1. The creation of a Pan European observatory for gender smart transport innovation in the smart mobility sector. This will provide a nexus for data collection, analysis and dissemi­nation of gender mainstreaming tools and open innovation. The observatory will collect existing resources to become the reference portal for those wishing to address gender and diversity-sensitive smart mobility. It will freely provide best practices, case studies, guidelines, tools, methodologies, training, policy documents and videos. Specific sections will allow users to participate in open innovation and share content, insights and data for collaboration.
  2. The central observatory will be fed by 10 national hubs and laboratories (Baltic States, Italy, Greece, Norway/ Sweden, UK, France, Romania,

Germany, Spain and Portugal), each specialising in a local issue relating to gender and inclusivity (e.g. safety, minority groups and entrepreneurship). The hubs will:

  • Use project outputs (such as gender action plans and gender mainstreaming tools) to address local issues in Transport Business Ecosystems (TBE) (such as gendered workplaces, inclusive consultation, entrepreneurship and education).
  • Provide national data relating to the TBE, for example, through standardised surveys on women’s mobility.
  • Act as a beacon for women’s engagement in the smart mobility sector.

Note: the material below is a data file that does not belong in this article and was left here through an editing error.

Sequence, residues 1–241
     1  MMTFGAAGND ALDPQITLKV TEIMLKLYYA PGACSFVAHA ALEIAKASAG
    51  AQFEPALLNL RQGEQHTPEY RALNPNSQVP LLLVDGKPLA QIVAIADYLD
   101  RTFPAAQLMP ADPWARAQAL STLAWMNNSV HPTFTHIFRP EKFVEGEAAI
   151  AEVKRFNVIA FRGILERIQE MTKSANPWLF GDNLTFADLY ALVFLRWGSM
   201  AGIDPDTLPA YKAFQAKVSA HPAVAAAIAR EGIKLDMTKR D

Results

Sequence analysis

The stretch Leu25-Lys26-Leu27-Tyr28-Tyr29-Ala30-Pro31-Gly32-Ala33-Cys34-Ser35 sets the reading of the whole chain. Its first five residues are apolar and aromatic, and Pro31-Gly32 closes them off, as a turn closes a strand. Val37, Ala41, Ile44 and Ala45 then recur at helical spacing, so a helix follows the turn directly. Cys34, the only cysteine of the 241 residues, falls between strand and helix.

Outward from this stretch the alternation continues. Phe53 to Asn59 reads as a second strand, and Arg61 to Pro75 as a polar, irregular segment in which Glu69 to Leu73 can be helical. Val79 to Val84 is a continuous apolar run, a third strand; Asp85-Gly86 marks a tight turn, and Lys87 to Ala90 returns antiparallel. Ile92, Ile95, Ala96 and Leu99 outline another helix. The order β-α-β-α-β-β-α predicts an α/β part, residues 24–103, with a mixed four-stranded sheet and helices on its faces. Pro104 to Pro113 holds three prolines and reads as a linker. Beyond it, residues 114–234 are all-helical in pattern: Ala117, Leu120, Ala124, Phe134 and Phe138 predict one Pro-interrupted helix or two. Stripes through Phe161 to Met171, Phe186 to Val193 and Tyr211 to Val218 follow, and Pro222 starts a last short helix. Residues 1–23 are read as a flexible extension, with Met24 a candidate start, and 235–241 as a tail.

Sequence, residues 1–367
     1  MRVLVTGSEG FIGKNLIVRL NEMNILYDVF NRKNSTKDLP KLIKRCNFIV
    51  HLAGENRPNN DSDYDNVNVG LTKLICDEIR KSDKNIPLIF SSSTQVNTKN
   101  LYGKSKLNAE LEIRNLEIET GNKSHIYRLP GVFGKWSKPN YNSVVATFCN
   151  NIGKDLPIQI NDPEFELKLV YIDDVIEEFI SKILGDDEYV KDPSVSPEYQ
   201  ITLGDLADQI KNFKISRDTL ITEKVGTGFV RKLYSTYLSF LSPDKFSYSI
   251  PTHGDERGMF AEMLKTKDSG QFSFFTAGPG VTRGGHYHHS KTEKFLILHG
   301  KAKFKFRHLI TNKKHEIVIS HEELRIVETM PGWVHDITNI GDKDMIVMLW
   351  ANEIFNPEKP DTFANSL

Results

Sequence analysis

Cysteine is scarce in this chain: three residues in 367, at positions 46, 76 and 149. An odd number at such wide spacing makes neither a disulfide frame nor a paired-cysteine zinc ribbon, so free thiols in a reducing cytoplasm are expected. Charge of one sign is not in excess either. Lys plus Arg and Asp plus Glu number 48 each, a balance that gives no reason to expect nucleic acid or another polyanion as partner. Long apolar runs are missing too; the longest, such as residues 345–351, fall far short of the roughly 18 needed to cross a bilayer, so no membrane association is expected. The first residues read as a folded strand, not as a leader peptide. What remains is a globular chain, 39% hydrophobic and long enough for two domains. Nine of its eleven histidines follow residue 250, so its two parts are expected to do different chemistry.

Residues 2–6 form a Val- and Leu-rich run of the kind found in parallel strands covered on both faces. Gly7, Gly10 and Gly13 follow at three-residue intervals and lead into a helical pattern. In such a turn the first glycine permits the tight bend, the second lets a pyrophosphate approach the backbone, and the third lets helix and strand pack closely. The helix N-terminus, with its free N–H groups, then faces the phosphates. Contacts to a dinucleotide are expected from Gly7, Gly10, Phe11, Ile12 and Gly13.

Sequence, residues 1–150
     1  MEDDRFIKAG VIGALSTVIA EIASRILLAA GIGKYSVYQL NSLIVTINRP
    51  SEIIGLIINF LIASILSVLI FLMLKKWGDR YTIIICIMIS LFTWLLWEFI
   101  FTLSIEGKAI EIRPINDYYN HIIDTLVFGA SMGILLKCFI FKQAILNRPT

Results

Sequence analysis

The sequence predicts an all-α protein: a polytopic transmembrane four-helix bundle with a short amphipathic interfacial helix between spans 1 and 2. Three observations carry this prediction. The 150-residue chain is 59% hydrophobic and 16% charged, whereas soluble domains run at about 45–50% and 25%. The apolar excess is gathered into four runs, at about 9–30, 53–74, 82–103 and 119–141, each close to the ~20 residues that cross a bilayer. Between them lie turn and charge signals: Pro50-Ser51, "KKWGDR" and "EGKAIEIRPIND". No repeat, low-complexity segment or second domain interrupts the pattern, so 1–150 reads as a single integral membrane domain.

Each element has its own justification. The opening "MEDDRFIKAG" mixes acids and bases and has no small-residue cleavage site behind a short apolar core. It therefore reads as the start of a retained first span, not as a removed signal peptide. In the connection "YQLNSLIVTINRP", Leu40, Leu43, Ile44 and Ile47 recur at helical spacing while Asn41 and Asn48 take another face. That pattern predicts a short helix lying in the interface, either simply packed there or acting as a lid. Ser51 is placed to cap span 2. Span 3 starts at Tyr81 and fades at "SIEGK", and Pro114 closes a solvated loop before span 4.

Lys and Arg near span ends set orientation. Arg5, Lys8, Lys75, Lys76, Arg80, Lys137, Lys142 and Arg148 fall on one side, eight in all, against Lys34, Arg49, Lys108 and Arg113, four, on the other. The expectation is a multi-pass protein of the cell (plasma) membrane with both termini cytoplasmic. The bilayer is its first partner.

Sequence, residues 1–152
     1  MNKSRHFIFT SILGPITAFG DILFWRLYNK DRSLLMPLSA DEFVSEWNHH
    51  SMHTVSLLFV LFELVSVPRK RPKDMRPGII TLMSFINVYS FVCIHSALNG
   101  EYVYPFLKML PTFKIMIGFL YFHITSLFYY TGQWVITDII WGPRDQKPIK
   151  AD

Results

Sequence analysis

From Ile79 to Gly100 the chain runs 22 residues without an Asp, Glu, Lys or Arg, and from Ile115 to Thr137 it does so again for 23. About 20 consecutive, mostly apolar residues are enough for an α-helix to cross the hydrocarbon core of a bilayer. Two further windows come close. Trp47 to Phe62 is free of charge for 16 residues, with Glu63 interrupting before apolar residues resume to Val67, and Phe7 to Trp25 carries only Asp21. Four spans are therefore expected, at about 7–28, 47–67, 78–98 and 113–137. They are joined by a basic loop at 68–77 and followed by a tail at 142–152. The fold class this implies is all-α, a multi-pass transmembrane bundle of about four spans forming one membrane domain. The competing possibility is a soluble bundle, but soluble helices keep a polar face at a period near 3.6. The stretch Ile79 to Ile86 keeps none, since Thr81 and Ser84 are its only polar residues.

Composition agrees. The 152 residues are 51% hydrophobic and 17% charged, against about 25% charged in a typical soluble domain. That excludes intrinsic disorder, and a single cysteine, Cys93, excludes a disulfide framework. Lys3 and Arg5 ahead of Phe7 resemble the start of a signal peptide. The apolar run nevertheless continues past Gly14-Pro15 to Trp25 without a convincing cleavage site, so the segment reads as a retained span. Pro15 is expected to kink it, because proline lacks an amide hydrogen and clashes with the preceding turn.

• Provide ‘living labs’ drawing on citizen science and participatory design to create gender and diversity-sensitive smart mobility solutions.

3. The development of an Open Data Repository – a one-stop-shop for sharing transport-related gender datasets with standardised templates, tools and the General Data Protection Regulation (GDPR)-compliant data management processes.

Our work will be underpinned by key concepts and tools related to intersectionality, gender transport poverty, gendered discourses and scripts and agent-based modelling.

Proposed impacts will be in areas of:

  • Education and R&I – gender and role equality in STE(A)M, engineering & design;
  • Employment – gender bias in opportunities and workplace;
  • Mobility – increased awareness and use of ‘hidden’ journeys;
  • Datasets – standardise, create and merge datasets enabling better data analytics on women’s mobility;
  • Entrepreneurship – document and transfer best practice;